Teo said that with the closure of the two stores and the relocation of the remaining shares to Starling Mall for charity sale. Until December 27, Teo said that many employees must laid off. Many of whom have been working for the company for more than 10 years.

Board of Directors | Symphony Life Berhad

Teo praised the government’s joint efforts in managing Covid-19 and provided financial relief to the company in terms of wage subsidies.

However, he said that this amount may too low to effectively avoid the imminent bankruptcy of many companies.

The spokesman said:

“Another large expenditure element for any large retail business apart from the salary cost, is rental for the space it occupies.”

“Unfortunately, the incentives offered to landlords by the authorities to allow them to in-turn offer more favourable rates during the Movement Control Order or Conditional Movement Control Order periods, were not sufficient.”

“This may have also, to an extent, reduced the financial burden of businesses in any sector in general to assist with their cashflow and prevent closures and the resultant retrenchment and unemployment.”

With Teoh’s closure, many employees have little or no means to support their families.

“And those, especially from the retail, and food and beverage industries are finding it impossible to gain alternative employment in the short term.

“The lucky ones who had some foresight to put away some savings for a rainy day, have had to dip into this rainy-day fund to bridge them through this difficult period.

He said: “Unfortunately, there are those who also have little or no savings and were living from one paycheck to the next.”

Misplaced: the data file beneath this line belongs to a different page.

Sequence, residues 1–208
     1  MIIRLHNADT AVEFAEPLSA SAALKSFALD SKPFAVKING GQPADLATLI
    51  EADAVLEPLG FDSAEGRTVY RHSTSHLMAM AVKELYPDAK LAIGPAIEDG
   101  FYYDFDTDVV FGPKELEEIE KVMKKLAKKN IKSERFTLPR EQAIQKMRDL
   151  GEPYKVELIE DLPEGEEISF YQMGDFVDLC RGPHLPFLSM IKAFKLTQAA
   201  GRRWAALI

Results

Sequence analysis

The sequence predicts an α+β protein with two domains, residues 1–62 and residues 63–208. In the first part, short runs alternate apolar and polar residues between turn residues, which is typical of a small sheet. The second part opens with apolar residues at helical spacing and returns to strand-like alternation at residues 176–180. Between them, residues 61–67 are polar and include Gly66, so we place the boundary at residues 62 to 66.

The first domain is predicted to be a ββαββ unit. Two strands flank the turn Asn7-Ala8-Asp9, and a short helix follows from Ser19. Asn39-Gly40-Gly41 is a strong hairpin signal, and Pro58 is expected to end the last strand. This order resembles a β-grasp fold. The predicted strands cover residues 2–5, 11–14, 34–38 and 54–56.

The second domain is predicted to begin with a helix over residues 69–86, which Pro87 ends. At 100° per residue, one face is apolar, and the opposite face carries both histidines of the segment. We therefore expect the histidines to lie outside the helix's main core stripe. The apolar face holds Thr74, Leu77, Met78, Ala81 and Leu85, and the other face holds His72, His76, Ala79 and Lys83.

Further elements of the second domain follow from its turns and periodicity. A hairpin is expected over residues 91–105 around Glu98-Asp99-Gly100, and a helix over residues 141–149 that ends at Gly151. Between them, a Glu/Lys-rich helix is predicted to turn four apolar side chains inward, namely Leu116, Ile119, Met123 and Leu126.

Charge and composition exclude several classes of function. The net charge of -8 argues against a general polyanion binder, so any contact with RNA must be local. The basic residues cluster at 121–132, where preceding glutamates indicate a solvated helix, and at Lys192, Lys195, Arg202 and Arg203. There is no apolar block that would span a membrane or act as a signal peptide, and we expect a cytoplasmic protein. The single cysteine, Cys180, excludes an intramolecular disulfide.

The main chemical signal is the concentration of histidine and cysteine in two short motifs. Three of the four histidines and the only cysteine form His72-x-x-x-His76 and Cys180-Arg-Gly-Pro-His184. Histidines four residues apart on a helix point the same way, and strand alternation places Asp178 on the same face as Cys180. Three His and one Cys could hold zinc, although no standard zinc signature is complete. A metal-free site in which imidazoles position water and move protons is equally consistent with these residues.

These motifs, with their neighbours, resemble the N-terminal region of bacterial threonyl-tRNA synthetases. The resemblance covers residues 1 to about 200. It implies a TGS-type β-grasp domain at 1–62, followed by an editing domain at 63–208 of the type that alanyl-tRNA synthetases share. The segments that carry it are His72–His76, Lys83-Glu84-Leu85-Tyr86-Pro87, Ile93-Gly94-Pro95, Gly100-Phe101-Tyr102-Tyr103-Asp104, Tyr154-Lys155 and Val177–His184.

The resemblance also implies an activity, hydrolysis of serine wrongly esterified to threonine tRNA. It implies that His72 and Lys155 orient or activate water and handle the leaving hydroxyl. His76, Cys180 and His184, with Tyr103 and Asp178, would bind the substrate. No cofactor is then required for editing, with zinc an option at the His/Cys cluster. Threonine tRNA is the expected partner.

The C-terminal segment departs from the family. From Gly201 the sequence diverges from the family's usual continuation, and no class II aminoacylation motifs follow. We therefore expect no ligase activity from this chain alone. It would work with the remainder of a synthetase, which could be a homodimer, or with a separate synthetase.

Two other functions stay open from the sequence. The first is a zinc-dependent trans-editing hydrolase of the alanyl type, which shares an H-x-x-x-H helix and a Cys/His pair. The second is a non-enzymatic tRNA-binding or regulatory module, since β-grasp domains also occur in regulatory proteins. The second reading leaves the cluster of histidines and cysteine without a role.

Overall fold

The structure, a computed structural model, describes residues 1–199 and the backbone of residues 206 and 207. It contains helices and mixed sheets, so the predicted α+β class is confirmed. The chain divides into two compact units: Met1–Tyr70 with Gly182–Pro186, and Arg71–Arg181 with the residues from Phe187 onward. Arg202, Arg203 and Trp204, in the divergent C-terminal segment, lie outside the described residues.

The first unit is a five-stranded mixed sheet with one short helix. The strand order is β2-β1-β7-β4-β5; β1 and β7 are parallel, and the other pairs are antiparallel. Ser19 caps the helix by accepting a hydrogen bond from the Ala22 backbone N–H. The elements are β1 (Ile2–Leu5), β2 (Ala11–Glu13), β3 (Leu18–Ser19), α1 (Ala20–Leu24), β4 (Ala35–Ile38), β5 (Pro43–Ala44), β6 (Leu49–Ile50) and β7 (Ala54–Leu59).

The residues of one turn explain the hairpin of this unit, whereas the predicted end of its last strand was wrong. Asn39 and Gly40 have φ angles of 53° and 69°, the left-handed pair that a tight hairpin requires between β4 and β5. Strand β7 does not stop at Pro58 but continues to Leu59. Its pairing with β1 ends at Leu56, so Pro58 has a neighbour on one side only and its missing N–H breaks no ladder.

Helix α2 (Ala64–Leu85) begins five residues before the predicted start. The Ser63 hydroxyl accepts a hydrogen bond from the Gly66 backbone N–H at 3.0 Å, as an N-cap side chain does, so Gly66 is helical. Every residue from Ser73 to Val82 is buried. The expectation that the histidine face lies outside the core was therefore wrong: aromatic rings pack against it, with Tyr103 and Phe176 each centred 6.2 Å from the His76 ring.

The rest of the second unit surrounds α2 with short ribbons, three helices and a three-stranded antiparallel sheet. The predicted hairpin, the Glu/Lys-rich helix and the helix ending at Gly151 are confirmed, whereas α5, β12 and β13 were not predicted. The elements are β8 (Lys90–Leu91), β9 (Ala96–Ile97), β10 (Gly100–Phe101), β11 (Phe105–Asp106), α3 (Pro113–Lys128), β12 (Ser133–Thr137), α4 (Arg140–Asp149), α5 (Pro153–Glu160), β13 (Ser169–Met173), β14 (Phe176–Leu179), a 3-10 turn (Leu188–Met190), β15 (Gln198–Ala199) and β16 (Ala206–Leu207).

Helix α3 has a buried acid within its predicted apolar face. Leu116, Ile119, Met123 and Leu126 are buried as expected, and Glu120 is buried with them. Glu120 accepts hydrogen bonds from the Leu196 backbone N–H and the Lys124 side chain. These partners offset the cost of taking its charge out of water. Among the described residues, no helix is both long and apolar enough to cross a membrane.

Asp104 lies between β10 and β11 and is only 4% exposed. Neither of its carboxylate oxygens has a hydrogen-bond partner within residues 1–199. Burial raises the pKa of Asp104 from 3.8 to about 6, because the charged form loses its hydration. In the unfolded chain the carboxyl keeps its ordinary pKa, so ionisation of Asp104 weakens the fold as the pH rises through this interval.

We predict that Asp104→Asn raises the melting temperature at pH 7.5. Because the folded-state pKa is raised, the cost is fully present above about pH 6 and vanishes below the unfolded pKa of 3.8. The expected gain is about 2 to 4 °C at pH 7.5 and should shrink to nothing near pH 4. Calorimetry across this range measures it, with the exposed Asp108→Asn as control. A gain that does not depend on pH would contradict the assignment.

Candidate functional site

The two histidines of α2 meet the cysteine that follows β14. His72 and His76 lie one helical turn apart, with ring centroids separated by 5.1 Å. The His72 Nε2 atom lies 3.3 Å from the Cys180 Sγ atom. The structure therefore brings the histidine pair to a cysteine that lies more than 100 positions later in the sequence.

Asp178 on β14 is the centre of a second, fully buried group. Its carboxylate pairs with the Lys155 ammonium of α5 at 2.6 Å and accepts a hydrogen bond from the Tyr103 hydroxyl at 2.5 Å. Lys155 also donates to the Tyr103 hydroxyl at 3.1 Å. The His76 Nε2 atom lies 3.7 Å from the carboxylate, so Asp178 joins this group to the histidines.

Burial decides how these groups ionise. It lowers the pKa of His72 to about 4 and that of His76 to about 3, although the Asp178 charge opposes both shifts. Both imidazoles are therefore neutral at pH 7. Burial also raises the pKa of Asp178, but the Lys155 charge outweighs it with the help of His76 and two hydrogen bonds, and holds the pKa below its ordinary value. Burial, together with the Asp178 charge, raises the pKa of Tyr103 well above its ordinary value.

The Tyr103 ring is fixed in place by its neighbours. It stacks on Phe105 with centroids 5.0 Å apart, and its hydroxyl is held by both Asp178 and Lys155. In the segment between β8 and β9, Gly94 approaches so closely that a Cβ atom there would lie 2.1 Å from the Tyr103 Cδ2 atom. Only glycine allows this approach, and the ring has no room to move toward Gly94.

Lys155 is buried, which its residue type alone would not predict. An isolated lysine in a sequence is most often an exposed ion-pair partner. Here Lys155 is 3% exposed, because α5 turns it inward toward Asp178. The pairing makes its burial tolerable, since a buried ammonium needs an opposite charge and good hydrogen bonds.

He welcomed various measures taken by the government to suspend loan repayment. And windraw funds from the employee provident fund account every month. As a short-term measure, it would certainly be a boon to these unfortunate employees.

History of Robinsons

For the record, the story of the Robinson family began in 1858. When Australian immigrant Philip Robinson and Singapore prison guard James Gaborian Spicer first established a family warehouse in Singapore. It named Spicer and Robinson.

Less than two years later, Spicer withdrew from the partnership and the company changed its name to Robinsons & Co.

In 1881, Phillip Robinson died, and his son Stamford Raffles Robinson took over the company in 1886.

Soon, it became popular, selling pianos, horns and gramophones and other musical instruments. By 1907 it became the first Raleigh bicycle dealer in the world.

After the Second World War, the Raffles Place store in Singapore reopened in April 1946. By 1955, Robinson Department Store became the first fully air-conditioned store in the Far East.

In November 1972, the shop at Raffles Place has razed to the ground by a fire. It had resulting in the deaths of 9 people. The shop had to moved to Specialist’s Shopping Center on Orchard Road.

After the 1973 oil crisis, the Kuala Lumpur branch of Jalan Tun Perak, Kuala Lumpur has closed in 1975.

A year later, in 1976, the property has acquired by United Asian Bank. It demolished the store to make room for Menara UAB, the bank’s headquarters.

Robinsons Department Store (Robinsons) opened 32 years later in Kuala Lumpur in 2007. Also, the new store opened in The Gardens in Mid Valley Mega Plaza.

Two years ago, the second store opened in the four seasons place. The store is located next to the Petronas Twin Towers in Jalan Ampang.